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Mayo Clinic Health Library

Slide show: Fetal presentation before birth

Updated: 08-11-2020

Settling into position

Illustration of babies in various fetal positions

While babies twist, stretch and tumble during pregnancy, before labor begins they usually settle in a way that allows them to be delivered headfirst (cephalic presentation) through the birth canal. That doesn't always happen, though.

Check out some of the possible fetal presentations and positions at the end of pregnancy and find out how they can affect delivery.

Head down — Facing down

Illustration of baby in the facedown position

Your baby's position refers to the relationship of its presenting body part to your pelvis. In headfirst presentations (cephalic), the back of the head (occiput) is the reference.

Head down — Facing up

Illustration of baby in the faceup position

This baby is presenting headfirst (cephalic) with its head facing up (occiput posterior). In this position, the baby might have a harder time extending his or her head from under the pubic bone.

Most babies eventually turn on their own, if there's enough room. If your baby is in this position and the second stage of labor is taking too long, your health care provider might reach through your vagina and use his or her hand to help your baby rotate (manual rotation). Your baby might also be delivered in this position.

Frank breech presentation

Illustration of baby in the buttocks-first position

A breech presentation occurs when the baby's buttocks or feet or both are in place to come out first during birth. Breech presentation is often determined by fetal ultrasound at the end of pregnancy.

This baby is in the frank breech presentation — with both hips flexed and both knees extended and the feet close to the head. The frank breech presentation is the most common type of breech presentation.

At or near term, your health care provider might try to rotate the baby by placing his or her hands on your abdomen and applying pressure (external cephalic version). Your baby's health will be evaluated before and after the procedure. If it is not safe for you to have a vaginal delivery, for example, due to the location of your placenta, your health care provider will not recommend an external cephalic version. The procedure is only done in a setting where a C-section is readily available if needed.

Complete breech presentation

Illustration of baby in the feet-first position

This baby is in a complete breech presentation — with both hips and both knees flexed. In an incomplete breech, one or both hips are not flexed and one or both feet or knees lie below the buttocks. In either presentation, you might feel kicking in your lower abdomen.

If your baby is in a complete or incomplete breech, at or near term your health care provider might try to rotate the baby by placing his or her hands on your abdomen and applying pressure (external cephalic version). Your baby's health will be evaluated before and after the procedure. If it is not safe for you to have a vaginal delivery, for example, due to the location of your placenta, your health care provider will not recommend an external cephalic version. The procedure is only done in a setting where a C-section is readily available if needed.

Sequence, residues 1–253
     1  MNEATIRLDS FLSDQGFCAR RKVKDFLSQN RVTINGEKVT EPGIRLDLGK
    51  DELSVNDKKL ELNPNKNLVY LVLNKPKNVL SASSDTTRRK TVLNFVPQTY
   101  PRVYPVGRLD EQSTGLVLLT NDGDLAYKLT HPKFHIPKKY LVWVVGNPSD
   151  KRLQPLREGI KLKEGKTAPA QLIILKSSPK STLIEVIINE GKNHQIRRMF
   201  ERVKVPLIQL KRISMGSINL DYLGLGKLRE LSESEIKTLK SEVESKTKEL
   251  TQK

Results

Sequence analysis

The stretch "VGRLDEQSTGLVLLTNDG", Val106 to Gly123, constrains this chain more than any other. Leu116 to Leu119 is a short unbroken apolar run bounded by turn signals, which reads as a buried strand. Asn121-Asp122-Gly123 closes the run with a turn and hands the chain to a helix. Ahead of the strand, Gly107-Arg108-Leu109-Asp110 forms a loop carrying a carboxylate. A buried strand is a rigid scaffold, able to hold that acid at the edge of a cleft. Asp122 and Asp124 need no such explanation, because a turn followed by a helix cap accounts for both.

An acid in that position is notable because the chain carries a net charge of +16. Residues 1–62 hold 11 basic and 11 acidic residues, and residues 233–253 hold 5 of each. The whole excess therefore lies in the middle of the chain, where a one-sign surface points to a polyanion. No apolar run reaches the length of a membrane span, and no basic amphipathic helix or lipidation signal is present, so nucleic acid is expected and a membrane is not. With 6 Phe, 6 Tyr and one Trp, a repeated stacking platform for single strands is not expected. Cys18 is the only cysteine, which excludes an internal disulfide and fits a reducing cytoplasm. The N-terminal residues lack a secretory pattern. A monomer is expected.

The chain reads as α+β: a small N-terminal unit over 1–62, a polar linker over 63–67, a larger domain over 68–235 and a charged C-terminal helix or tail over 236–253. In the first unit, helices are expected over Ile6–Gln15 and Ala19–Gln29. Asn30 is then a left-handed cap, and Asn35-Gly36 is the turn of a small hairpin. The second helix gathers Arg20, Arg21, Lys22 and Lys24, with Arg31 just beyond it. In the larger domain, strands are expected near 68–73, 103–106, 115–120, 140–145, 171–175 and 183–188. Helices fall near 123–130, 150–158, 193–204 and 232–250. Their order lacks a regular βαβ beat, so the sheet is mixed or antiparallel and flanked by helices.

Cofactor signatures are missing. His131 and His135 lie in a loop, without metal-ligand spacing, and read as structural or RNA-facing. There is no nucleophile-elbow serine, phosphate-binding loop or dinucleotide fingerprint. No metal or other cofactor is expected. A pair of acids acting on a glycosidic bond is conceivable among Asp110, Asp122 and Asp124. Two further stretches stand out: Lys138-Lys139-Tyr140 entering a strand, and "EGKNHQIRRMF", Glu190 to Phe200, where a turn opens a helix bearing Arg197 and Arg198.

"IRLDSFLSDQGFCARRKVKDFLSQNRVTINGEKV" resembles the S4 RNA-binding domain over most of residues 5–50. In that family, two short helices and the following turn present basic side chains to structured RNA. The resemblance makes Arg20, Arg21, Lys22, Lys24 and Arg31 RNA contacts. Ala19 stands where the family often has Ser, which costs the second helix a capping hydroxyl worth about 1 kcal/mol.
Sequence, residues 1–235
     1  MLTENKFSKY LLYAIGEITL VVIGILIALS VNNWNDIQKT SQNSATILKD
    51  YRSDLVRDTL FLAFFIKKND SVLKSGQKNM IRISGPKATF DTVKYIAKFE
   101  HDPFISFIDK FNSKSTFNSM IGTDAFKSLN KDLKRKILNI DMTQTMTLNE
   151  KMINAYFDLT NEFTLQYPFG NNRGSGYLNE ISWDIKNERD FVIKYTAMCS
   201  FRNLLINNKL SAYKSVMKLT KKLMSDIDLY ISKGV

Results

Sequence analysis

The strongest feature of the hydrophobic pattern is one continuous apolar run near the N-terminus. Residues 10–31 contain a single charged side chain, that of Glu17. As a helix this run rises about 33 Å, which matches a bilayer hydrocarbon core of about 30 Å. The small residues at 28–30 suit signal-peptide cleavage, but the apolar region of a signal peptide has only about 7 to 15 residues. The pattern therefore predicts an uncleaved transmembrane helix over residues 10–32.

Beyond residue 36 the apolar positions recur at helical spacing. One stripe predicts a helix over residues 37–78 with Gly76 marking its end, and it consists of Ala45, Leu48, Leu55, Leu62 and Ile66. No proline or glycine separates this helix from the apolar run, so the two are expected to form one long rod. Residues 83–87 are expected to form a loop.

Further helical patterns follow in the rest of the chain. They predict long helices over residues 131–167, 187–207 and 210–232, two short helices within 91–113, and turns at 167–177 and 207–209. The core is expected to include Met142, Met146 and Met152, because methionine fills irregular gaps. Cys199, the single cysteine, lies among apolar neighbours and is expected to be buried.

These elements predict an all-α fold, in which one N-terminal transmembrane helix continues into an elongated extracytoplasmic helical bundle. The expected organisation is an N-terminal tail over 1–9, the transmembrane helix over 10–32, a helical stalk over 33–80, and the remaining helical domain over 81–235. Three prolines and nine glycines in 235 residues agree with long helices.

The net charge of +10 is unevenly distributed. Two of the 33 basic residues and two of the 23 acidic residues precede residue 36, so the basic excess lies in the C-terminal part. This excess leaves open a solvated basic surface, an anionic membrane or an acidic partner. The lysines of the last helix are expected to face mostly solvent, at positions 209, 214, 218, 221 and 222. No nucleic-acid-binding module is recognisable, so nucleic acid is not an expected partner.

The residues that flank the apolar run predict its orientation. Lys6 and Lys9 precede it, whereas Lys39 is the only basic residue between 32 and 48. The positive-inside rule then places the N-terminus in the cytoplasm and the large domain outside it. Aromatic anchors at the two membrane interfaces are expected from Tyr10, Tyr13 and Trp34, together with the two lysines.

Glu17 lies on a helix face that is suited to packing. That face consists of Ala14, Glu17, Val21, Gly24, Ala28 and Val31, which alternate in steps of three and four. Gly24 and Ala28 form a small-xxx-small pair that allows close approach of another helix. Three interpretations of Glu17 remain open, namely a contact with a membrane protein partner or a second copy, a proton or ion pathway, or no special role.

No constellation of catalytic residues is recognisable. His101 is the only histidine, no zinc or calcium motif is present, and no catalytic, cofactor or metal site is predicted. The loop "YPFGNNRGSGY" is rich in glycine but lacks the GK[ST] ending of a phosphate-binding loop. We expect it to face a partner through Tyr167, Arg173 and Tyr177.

Lying sideways

Illustration of baby lying sideways

This baby is in a transverse lie — positioned horizontally across the uterus, rather than vertically. In a transverse lie, the baby's back might be positioned:

  • Down, with the back facing the birth canal
  • With one shoulder pointing toward the birth canal
  • Up, with the hands and feet facing the birth canal

Although many babies are sideways early in pregnancy, few remain this way when labor begins.

If your health care provider determines that your baby is in a transverse lie before labor starts, at week 37 of pregnancy he or she will try to rotate the baby by placing his or her hands on your abdomen and applying pressure (external cephalic version). Your baby's health will be evaluated before and after the procedure. If it is not safe for you to have a vaginal delivery, for example, due to the location of your placenta, your health care provider will not recommend an external cephalic version. The procedure is only done in a setting where a C-section is readily available if needed. If active labor has already begun, a C-section is recommended.

Twins

Illustration of twins

Twins can usually be delivered vaginally if the lower twin is presenting headfirst (cephalic). If only the lower twin is headfirst, as shown here, your health care provider might deliver the lower twin vaginally. Then, your health care provider will rotate the remaining twin by placing his or her hands on your abdomen and applying pressure (external cephalic version) and deliver the baby vaginally or if the baby is breech and certain conditions are met, deliver the baby buttocks first. If this can't be done, your health care provider will discuss delivery by C-section.

If the lower twin isn't positioned headfirst or neither twin is headfirst, both twins are usually delivered by C-section.

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